When I was a kid, June was my favourite month of the year.
It was usually a warm month with the promise of summer in the air and, more importantly, June was when school let out and we’d all get a long break from the classroom.
I talked to some of the graduating Grade 12 students at Cowichan Secondary School earlier this week and many of them excitedly told me of their plans to head to college or university in the fall.
What I was encouraged to see was that the vast majority of the students I talked to, even as the long and lazy days of summer begin, were enthusiastic about learning and understood the opportunities that come with it as they become adults.
I’ve always strived to be a life-long student and, despite my increasing age, I still find myself fascinated to learn as much as I can about everything around me; from starfish to the stars themselves.
It’s hard to believe in these days of instant communication and the internet that there was a time, for many, when learning about the world around us was mostly limited to the resources that were provided by local public schools; and they were sometimes very basic to say the least.
As I’ve mentioned before in this column, I spent a lot of my youth in a small and remote fishing and mining town on the country’s east coast.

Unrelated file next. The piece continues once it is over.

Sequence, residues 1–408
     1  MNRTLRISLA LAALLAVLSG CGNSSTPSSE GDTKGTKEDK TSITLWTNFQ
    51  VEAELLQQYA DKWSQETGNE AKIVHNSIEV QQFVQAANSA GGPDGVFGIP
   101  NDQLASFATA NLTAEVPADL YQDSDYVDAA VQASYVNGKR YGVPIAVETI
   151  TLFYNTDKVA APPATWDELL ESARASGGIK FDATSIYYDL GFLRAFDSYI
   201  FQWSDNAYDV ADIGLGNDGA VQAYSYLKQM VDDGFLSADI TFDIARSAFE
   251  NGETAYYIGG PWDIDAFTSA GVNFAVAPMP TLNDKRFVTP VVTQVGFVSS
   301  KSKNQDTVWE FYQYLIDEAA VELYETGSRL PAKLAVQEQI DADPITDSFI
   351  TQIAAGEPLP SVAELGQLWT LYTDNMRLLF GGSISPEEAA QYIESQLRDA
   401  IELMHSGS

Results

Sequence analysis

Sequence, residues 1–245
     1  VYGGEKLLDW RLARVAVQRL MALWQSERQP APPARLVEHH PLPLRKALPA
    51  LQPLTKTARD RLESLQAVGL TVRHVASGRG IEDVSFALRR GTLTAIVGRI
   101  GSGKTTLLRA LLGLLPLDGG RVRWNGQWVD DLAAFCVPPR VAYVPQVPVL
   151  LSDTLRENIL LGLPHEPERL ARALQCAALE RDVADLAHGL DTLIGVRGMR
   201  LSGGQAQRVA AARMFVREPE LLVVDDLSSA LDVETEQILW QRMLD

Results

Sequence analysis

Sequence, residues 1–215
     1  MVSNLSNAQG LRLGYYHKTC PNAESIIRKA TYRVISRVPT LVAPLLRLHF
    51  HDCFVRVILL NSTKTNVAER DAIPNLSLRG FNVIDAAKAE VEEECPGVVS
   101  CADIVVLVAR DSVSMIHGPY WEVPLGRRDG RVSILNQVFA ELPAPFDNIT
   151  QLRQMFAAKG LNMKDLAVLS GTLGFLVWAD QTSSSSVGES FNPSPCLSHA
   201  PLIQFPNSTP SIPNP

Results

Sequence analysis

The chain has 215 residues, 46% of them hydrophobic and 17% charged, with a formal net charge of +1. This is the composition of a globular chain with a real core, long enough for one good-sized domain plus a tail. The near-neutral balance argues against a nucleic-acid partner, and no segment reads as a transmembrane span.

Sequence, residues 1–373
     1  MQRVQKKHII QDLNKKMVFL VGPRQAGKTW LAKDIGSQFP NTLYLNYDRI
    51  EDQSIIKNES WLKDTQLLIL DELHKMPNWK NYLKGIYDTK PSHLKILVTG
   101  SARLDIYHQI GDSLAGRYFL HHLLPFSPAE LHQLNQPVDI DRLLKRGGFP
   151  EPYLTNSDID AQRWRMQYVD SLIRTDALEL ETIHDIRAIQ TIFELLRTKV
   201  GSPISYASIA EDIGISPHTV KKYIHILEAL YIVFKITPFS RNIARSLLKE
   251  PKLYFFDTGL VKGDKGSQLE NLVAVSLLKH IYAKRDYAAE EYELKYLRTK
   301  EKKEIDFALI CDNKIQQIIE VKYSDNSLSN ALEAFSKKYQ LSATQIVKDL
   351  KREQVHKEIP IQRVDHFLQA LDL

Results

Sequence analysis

I commend the teachers there for doing the best they could to enlighten and educate their students with what they had, but they were never given much in the way of tools.
The town’s library was also very small and had little in the way of reading materials to excite an ever-questioning mind like mine.
Of course, there were no computers in those days and television in that community consisted of a fuzzy CBC channel that would come and go with the weather.
Then, one day, a travelling salesman banged on our door and showed my parents an encyclopedia set that he had in his car.
The set consisted of about 40 volumes and covered every topic you could think of in chronological order, from A to Z.
I was about seven years old at the time and had never encountered such a wealth of knowledge all in one place in my life.
I was gob smacked as I started leafing through the volumes with all their pictures and reams of information and wished really hard that my parents would not send the salesman away without a sale.
With seven kids, however, they obviously saw the value of having the encyclopedias and cut a cheque.
I remember sitting with those encyclopedias and reading them all from cover to cover until I had absorbed all the educational material they had to offer.
To this day, I vividly recall the articles and pictures in those books, and even their smell of fresh ink.
From that point forward, my thirst for learning was unquenchable.
Most of today’s kids don’t know how fortunate they are to have so much knowledge and educational material from all over the world available to them with just a click of a button.
But I was delighted to see that most are still excited to learn and to try to use knowledge to make their lives, and their world, a better place.